12:55 GMT +318 January 2020
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    Major Migrant Crisis in Europe (1819)

    In 2015, Norway and Finland saw a dramatic spike in the number of asylum-seekers, many of whom arrived via the Arctic route through polar Russia. Many local media snatched the opportunity to blame the migrant crisis on Moscow's crafty designs. Now, Norwegian researchers have disproved this absurd thesis.

    According to a recent report by Norway's Fridtjof Nansen Institute, the migrant crisis that started a year ago was not part of a "Russian hybrid war." Instead, numerous asylum-seekers were attracted to Norway and Finland by the cheap and safe travel route, which compared favorably with the costly and dangerous voyage through the Mediterranean Sea.

    Last year, Norwegian border officials raised their eyebrows at the surging number of asylum-seekers cycling in from Russia's adjacent Murmansk Region. In late 2015, about 5,500 asylum-seekers arrived in Norway via the Storskog border crossing point, most of them hailing from Syria. Norway subsequently closed its borders, whereupon the migrants switched to Finland, which took in around 1,700 asylum-seekers, mostly from Afghanistan.
    Following the unexpected influx from East, a number of high-ranking Norwegian and Finnish politicians blamed the incursion on Moscow's scheming.

    "This is Russian hybrid warfare against Norway. The reason is that we are a NATO country which shares a border with Russia," an anonymous security source told Norwegian news outlet Aldrimer in November 2015.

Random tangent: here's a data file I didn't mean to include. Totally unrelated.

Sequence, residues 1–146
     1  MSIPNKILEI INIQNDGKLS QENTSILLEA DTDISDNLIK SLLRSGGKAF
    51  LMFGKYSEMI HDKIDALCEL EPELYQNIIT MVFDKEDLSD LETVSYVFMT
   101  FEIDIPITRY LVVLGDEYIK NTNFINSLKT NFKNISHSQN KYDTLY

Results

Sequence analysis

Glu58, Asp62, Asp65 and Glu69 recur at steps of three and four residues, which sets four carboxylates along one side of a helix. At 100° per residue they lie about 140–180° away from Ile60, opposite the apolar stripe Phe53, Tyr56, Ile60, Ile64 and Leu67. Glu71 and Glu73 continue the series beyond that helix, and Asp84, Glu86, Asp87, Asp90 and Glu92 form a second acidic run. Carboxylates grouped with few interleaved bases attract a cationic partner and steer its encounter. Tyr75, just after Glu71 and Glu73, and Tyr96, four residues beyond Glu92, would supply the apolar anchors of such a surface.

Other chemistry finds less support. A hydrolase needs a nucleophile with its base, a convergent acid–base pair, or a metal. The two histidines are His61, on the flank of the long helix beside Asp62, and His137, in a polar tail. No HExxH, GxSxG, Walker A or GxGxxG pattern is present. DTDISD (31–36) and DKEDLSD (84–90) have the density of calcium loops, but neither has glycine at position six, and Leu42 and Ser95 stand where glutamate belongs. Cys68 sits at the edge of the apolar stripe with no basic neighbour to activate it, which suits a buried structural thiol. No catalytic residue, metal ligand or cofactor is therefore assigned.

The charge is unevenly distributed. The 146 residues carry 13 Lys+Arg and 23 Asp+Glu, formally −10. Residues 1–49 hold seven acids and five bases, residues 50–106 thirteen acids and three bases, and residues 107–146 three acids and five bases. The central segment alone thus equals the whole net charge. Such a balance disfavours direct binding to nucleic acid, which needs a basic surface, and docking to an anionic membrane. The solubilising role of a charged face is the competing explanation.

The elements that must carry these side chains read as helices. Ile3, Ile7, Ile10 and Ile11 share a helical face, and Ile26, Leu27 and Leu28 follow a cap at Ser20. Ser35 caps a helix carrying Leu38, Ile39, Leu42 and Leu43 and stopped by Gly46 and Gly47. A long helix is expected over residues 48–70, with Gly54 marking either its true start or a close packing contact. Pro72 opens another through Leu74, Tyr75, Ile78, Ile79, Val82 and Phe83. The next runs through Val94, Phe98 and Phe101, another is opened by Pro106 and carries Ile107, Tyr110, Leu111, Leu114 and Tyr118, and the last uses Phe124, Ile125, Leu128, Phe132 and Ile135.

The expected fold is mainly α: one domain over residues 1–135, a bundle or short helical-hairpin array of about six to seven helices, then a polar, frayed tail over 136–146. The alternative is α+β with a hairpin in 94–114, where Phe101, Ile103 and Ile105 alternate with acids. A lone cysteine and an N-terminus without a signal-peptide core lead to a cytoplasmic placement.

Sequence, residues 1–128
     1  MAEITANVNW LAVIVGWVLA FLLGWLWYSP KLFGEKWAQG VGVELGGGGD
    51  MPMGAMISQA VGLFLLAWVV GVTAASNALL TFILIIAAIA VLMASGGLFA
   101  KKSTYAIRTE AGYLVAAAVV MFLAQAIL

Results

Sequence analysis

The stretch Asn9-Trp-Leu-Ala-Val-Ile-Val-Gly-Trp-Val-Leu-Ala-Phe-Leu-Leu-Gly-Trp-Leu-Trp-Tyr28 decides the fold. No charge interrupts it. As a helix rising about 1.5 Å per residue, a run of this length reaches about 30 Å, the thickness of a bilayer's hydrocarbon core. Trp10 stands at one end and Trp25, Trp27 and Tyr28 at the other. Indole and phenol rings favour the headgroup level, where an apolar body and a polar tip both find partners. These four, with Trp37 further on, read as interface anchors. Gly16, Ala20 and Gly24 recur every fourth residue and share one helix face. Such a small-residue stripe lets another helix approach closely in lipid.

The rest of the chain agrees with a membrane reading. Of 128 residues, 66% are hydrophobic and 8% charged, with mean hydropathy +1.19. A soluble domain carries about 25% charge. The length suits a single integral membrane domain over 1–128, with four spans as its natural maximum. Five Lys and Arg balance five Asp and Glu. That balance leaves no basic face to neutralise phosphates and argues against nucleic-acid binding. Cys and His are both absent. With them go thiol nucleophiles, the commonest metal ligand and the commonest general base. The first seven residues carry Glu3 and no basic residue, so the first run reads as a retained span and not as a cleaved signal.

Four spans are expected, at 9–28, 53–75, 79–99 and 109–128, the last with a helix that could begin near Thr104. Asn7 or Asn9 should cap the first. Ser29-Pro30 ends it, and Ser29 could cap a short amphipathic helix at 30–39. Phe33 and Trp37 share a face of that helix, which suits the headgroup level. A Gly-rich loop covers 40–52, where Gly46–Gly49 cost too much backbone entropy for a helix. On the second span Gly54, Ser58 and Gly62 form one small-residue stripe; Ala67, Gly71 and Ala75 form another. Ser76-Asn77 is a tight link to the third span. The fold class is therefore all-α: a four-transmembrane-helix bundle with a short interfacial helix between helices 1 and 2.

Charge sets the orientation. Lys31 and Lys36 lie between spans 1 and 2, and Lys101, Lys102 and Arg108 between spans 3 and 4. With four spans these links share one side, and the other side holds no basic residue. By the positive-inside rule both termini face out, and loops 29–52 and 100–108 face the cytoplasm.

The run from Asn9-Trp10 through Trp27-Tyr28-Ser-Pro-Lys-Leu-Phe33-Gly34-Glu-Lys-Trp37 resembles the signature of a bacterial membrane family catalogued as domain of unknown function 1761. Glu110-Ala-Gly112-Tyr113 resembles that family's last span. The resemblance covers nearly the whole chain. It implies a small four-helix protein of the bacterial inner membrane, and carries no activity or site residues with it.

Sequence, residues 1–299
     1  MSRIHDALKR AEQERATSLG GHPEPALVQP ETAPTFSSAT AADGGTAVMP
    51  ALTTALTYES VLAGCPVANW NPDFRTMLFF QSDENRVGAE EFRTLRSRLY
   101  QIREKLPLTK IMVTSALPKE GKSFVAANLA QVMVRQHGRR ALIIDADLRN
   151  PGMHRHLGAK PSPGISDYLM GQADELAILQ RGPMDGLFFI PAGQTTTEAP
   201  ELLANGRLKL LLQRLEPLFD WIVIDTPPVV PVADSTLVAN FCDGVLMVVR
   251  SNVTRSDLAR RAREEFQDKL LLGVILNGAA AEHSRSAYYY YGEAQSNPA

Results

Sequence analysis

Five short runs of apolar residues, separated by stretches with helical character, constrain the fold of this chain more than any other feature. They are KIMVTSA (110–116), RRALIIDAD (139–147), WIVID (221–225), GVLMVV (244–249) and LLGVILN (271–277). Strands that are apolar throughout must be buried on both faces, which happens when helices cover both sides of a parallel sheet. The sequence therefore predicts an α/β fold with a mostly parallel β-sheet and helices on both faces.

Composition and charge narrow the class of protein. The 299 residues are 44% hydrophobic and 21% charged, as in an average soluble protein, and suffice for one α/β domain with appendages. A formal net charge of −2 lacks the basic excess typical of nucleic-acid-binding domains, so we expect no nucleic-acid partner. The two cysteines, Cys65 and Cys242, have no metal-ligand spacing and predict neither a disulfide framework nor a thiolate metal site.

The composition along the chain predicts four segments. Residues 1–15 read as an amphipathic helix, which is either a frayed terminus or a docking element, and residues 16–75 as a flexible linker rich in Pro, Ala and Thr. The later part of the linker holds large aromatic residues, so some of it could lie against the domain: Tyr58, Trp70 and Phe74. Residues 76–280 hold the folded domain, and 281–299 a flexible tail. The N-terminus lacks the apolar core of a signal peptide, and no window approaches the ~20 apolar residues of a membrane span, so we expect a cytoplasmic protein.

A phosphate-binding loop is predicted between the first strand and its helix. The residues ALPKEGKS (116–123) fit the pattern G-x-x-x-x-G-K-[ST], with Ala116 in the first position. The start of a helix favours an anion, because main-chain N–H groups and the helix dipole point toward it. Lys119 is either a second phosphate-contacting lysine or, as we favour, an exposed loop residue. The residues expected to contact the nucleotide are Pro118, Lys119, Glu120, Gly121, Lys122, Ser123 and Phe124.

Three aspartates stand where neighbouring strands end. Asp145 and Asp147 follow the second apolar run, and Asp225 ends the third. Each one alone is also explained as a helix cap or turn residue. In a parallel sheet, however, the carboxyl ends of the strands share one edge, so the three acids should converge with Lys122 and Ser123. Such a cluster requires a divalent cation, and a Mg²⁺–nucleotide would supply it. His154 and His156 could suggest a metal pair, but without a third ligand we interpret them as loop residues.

This erroneous belief was later shared by none other than Finnish Defense Minister Jussi Niinistö.

    "We're not officially at war, but we can see some hybrid operations in Finland as well. One of them is that the eastern border is leaky," Niinistö told Finnish newspaper Hufvudstadsbladet in January 2016.

    Subsequently, Russia, Finland and Norway worked out an amicable solution that involved a temporary border closure for all third party nationals, whereupon the stream of asylum-seekers dried up. Despite that, some observers claimed that Russia deliberately channeled migrants towards the north and even changed procedures in their border zone to facilitate the wave of migrants.

    Norwegian researchers Arild Moen and Lars Rowe of the Fridtjof Nansen Institute refuted suspected Russian involvement, hybrid war or altered border controls. According to their research, the simple and most convincing explanation is the self-interest of migrants, who found a cheaper and less risky route.

    Knowledge of the Arctic route via Murmansk spread quickly to crisis-ridden countries in the Middle East. According to the report, photos of refugees cycling their way to Norway appeared in Syria through a Russian TV channel. By their own admission, refugees had to pay a $2,500 for a trip via Murmansk, whereas the perilous voyage to Greece would have cost $18,000.

    This obvious conclusion was backed by Markku Kivisen, the head of the Helsinki-based Aleksanteri Institute. According to Kivisen, speculations of hybrid warfare are beneath criticism in light of the Norwegian research.

    "After all, all does not depend on Putin," Kivisen told Finnish national broadcaster Yle.

    Founded in 1958, the Fridtjof Nansen Institute (FNI) is named after the Norwegian Nobel-winning polar researcher Fridtjof Nansen. The FNI specializes in Arctic-related issues, Russia's policy and international maritime law research. The Institute was funded by the Norwegian Research Council, numerous Norwegian public authorities, private businesses and the European Commission.

    Major Migrant Crisis in Europe (1819)


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    migrant crisis, Arctic, Russia, Scandinavia, Finland, Norway
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